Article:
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Curated to meet the needs of novices and professionals alike, the Unity Learn portal includes introductory tutorials like “Using the Unity Interface” and “Essential Unity Concepts”. There are also feature-specific tutorials such as “Introduction to Lighting and Rendering” and “Creating Believable Visuals” for industrial users whose needs lean heavily towards design and aesthetics.

In fact, while many of the tutorials on Unity Learn are geared towards game designers, they also help individuals from other industries apply the game engine’s incredible 3D design capabilities to projects such as creating a walkthrough for an architectural design project or mocking up features for a carmaker’s new models.

Unity Learn also offers full-length courses for individuals who seek a detailed understanding of specific topics.

 

Unreal Online Learning

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Unreal Online Learning is a prime example of how brands should build their knowledge centers. Getting started is straightforward thanks to curated learning paths geared towards an Unreal Engine learner’s unique needs. For instance, the company offers three main learning paths:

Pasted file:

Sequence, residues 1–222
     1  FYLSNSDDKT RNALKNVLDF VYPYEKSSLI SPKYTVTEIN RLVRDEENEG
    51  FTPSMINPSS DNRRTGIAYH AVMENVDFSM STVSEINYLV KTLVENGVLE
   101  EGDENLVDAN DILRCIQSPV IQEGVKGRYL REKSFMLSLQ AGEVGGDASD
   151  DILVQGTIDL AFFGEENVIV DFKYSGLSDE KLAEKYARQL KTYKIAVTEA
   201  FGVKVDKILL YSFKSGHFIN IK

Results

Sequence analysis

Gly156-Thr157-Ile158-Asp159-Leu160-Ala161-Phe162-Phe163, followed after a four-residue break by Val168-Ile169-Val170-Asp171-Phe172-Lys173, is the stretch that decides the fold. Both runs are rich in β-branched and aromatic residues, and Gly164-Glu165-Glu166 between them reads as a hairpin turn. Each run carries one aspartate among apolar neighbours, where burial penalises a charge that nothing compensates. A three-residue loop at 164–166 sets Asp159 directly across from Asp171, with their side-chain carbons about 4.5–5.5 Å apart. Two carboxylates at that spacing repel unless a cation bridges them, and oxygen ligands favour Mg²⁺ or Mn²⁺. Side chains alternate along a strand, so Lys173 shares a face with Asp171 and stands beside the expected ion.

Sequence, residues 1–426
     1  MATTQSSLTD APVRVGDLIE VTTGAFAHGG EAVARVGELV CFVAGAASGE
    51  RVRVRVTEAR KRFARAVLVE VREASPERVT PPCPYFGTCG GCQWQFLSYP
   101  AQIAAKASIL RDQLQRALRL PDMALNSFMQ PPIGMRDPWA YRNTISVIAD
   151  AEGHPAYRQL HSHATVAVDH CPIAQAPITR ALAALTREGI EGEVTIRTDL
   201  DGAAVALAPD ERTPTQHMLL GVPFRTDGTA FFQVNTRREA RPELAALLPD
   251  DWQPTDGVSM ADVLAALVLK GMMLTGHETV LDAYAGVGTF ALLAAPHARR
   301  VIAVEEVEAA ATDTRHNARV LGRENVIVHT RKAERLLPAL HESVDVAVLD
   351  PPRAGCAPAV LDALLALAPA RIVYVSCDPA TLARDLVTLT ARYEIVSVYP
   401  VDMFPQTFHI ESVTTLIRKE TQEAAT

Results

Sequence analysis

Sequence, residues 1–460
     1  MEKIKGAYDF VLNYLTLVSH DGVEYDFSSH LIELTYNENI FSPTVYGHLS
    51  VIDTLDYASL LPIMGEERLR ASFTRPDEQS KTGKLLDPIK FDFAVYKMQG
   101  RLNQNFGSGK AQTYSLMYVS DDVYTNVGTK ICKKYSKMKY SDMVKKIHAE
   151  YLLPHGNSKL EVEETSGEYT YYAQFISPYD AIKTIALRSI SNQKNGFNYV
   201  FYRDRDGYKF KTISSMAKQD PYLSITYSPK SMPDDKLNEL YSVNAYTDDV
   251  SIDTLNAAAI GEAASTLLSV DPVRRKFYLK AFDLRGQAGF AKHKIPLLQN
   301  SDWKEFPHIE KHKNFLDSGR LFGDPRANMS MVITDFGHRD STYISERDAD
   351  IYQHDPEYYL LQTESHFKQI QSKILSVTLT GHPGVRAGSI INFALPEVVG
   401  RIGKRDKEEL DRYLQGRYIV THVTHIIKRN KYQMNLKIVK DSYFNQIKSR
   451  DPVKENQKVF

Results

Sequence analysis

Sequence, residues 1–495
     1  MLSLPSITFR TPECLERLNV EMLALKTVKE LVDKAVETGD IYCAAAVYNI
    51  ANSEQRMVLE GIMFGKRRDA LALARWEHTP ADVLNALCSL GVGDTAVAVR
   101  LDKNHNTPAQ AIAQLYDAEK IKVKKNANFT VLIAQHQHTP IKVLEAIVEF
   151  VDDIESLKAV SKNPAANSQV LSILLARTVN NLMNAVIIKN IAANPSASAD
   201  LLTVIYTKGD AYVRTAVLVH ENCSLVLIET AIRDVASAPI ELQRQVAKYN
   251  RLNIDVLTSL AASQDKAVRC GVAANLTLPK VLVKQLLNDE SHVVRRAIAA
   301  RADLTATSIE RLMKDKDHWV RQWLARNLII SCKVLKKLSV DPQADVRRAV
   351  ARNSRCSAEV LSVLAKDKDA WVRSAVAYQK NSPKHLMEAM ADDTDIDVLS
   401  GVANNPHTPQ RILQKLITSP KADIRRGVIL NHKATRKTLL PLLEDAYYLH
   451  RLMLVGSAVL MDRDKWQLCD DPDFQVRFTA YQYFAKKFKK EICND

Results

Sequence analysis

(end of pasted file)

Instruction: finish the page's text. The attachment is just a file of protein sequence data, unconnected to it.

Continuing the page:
• Getting Started in Unreal Engine

  • Exploring Blueprints

  • Becoming an Architectural Visualizer

Users can browse for courses taught by industry experts and filter their searches by topic, author, or industry. Moreover, learning profiles and gamification provide an overall framework for the learning process, facilitating the acquisition of new skills. In fact, when Unreal Engine announced the launch of its learning center last summer, it specifically highlighted the introduction of industry-specific tracks:

  • Game Development

  • Architecture

  • Industrial Design

  • Media and Entertainment

Robust forums that support users

The purpose of these game engines is to help game developers and 3D designers avoid reinventing the wheel and focus on what their main objective is, whether that objective is to create the next Grand Theft Auto or provide a photorealistic 3D model of a proposed condominium development. Passionate users within the Unity Forum and the Unreal Forum help community users who seek detailed answers or instructions for specific problems.